Cambridge, MA: MIT Press, 1998. First MIT Press Paperback Edition, Third Printing [stated]. Trade paperback. xiv, 277,  pages. Tables. Name written in black on bottom edge. Ink mark and crease on page 82. Some wear and soiling. Includes Foreword, Preface, Notes, Index, and About the Author. Chapters include The Challenge; The Cold War Defense Industry; Growing Foreign Involvement; Initial Post-Cold War Developments; Prior Lessons of Industrial Conversion; The Best Structure for the Twenty-First Century; A Few Defense-Unique Plants; Current Barriers to Integration; A Three-Part Transformation Strategy; Technological Leadership; The Critical Work Force; and Achieving Civil/Military Integration. Author of two widely read books on the defense industry, Jacques Gansler takes a hard look at the need to convert the industry from an inefficient and non-competitive part of the U.S. economy to an integrated, civilian/military operation. He defines the challenges, especially the influence of old-line defense interests, and presents examples of restructuring. He concludes by outlining sixteen specific actions for achieving civil/military integration. As a researcher, Dr. Gansler focused on national security and ensuring the country had a world class and affordable defense industry. His contributions to academia came after a remarkable career in defense. Jack Gansler served as the under secretary of defense for acquisition, technology and logistics. As the third ranking civilian at the Pentagon from 1997 to 2001, Dr. Gansler was responsible for research and development, acquisition reform, advanced technology, the defense industry and several security programs over his career. Gansler discusses growing foreign involvement, lessons of prior industrial conversions, the best structure for the next century, current barriers to integration, a three-part transformation strategy, the role of technological leadership, and the critical workforce. He concludes by outlining sixteen specific actions for achieving civil/military integration. In Gansler's view, the end of the Cold War with the former Soviet Union represents a permanent downturn rather than a cyclical decline in the defense budget. He argues that this critical transition period requires a restructuring of the defense acquisitions process to achieve a balance between economic concerns and national security, while maintaining a force size and equipment modernization capable of deterring future conflicts. Gansler argues that for the defense industry to survive and thrive, the government must make its acquisitions process more flexible, specifically by lowering barriers to integration. This includes, among other things, rethinking the production specifications for new equipment and changing bids for contracts from a cost basis to a price basis. Gansler point out that by making primarily political and procedural changes (rather than legislative ones), companies will be able to produce technology for both civilian and military markets, instead of exclusively for one or the other as has been the norm. This dual-use approach would save the government billions of dollars annually and would enable the military to diversify by utilizing state-of-the-art. Condition: Good.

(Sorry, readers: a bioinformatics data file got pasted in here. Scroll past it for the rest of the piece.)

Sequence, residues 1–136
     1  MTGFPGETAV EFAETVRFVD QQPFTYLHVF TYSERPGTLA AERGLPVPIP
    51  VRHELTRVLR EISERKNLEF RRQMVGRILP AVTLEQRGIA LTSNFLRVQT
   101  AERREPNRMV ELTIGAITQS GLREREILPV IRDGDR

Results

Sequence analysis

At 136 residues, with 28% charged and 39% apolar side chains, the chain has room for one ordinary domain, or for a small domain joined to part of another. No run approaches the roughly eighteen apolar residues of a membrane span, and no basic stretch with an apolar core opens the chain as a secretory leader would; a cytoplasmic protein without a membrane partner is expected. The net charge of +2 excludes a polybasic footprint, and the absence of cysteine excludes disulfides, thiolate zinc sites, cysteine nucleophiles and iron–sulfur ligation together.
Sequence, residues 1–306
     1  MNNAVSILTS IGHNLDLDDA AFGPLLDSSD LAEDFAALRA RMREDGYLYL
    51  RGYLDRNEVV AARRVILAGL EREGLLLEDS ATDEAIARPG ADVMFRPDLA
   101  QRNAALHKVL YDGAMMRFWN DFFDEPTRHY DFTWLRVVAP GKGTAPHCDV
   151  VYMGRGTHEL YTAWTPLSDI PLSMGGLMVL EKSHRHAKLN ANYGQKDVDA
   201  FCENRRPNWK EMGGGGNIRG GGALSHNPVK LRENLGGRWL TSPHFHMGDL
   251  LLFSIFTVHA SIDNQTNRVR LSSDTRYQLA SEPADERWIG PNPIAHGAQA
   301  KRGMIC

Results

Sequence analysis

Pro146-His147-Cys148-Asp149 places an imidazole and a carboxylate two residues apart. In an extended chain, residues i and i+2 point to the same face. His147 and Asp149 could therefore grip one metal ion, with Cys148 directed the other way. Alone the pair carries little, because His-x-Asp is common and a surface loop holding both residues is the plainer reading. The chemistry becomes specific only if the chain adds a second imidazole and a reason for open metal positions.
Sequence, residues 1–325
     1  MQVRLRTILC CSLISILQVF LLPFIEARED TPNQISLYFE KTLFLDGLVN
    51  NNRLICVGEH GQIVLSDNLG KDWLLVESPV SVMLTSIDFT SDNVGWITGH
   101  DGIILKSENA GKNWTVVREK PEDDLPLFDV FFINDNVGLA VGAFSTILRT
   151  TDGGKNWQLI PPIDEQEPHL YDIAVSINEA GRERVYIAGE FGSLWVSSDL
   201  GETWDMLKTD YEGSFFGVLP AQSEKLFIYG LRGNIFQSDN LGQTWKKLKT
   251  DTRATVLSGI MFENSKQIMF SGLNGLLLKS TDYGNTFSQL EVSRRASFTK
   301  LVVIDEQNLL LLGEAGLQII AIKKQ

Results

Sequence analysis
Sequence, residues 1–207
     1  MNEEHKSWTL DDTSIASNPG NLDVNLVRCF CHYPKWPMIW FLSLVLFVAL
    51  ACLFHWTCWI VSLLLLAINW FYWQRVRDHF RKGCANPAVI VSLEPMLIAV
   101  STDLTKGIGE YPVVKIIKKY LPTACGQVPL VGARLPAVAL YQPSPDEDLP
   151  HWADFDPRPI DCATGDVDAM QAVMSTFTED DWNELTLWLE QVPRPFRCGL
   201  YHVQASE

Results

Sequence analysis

Keywords: Economic Conversion, Defense Industries, Cold War, Industrial Conversion. Transformation, Technological Leadership, Workforce, Civil-Military Integration, Down-sizing, Restructuring, Technology Transfer